As part of my job, I work with communities throughout the Midwest to redefine themselves and rebuild their economies. The most challenging cases are often small communities where major auto or manufacturing employers shut down plants causing the loss of thousands of jobs, sparking a mass exodus, leaving behind a fraction of the town’s dignity seemingly overnight. The middle class hangs by a thread, and those too poor to move continue to live next door to massive, contaminated manufacturing plants spanning several acres. This loss has a traumatic impact, changing the resident’s perspective of the city and their outlook for their own lives in a very tangible way. As a Maryland native, there was little I had to compare it to. It’s as if these tight knit communities are experiencing a collective depression that threatens innovation, entrepreneurship, and future growth.
I recognize this same deflated outlook in Madison’s African-American community specifically as it pertains to financial stability and financial goals. I’ve encountered people as young as seven years old who express a persisting feeling of hopelessness! This is not a uniquely Madison phenomena. Even as I looking at my own life, though I never felt hopeless, I also never had expectations that I would be self-employed or even much exceed my parent’s achievements. Like most children, I recognized patterns. Though I may not have understood race or economics, I subconsciously understood success in life had clear winners and losers, and for most this status was fixed.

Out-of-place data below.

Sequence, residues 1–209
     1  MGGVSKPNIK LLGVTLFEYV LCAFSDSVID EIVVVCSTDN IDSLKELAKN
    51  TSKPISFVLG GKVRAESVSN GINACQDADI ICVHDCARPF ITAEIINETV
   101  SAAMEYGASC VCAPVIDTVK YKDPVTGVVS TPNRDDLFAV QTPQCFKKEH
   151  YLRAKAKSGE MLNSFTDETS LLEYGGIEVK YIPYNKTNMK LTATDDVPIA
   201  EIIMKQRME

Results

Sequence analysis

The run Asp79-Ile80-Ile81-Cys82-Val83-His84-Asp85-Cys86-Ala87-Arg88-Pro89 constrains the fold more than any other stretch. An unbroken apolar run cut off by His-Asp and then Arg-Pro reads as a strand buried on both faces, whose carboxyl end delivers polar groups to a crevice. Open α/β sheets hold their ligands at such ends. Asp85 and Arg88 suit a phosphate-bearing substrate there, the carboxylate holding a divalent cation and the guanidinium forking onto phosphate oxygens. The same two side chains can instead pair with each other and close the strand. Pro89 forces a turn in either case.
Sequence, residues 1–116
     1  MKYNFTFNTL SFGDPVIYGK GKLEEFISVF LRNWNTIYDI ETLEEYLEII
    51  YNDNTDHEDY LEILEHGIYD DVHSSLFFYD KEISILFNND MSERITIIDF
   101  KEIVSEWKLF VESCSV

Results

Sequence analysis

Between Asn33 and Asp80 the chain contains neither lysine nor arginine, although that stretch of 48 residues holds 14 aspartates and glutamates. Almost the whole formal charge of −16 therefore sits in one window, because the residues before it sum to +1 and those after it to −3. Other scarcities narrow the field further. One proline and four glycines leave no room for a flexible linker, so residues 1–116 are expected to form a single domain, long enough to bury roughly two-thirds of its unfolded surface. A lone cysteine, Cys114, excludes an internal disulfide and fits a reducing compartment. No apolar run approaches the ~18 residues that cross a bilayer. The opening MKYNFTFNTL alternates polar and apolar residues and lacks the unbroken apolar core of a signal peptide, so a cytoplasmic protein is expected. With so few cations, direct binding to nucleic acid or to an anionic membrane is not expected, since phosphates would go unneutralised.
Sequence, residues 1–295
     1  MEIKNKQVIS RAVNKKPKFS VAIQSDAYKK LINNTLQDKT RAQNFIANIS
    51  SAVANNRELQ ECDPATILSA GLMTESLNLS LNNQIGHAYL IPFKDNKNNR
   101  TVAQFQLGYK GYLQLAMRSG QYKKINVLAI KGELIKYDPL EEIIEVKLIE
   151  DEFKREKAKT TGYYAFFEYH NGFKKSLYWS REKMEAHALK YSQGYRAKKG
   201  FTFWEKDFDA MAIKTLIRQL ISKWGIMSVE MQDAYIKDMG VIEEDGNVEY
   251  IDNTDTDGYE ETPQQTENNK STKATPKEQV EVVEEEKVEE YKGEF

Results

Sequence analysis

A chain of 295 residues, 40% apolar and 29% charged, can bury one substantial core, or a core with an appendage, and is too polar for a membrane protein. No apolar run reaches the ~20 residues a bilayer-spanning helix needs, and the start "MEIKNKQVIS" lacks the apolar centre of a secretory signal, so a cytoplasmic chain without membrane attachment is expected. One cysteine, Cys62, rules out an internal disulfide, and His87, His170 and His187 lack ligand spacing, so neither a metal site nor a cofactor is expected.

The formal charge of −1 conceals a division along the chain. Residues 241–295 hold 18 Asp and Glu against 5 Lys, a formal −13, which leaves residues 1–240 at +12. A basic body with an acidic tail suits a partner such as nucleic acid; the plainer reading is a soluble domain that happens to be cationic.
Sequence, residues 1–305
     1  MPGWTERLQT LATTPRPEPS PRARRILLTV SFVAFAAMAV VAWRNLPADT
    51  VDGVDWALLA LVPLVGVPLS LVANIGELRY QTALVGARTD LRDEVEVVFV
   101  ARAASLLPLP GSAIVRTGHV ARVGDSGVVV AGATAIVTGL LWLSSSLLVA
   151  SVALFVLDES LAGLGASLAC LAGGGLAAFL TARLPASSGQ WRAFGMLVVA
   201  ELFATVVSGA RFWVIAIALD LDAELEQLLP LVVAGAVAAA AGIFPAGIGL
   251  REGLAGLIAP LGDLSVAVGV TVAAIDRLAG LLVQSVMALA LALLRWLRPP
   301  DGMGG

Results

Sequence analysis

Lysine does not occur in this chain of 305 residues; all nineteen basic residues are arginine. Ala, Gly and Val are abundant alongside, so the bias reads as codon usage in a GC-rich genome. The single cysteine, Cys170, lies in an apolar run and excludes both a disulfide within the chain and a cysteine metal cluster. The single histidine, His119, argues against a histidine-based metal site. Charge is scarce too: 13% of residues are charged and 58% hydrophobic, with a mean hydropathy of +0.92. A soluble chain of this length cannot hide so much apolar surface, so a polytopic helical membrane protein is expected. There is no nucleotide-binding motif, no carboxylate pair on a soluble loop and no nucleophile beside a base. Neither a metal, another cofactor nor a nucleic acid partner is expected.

Yet people are defying the odds every day. What makes them different? One concept I stumbled upon was Grit. In her TED Talk, Angela Lee Duckworth, a consultant turned public school teacher, studied the issue and proposes that regardless of family income, IQ, perception of safety or even talent, her most successful students were those with Grit. She defines Grit as the passion and perseverance to achieve long term goals. Grit is the confidence that your ability to succeed is not fixed but rather changes with your efforts.
Unfortunately, having Grit is not a one-way ticket out of poverty, and everyone who is successful doesn’t necessarily have Grit. In fact Grit can be learned AND it can be lost. While how to teach Grit remains somewhat of a mystery, the African-American experience is riddled with Grit-deflating realities from the systematic destruction of Black Main Streets, to the school to prison pipeline, to premature death; a reality that is particularly raw for our community today.
So my question for you is how do we reenergize a community? In many ways, I believe African-American families in Madison are consumed by defending against Grit-deflators and reacting to offenses. Often their financial hopes and dreams take a back seat to concerns many Madisonians take for granted. This reality leaves us deflated, but not defeated. I am hopeful that we can be innovative about how we rebuild our economy. It’s just going to take some Grit.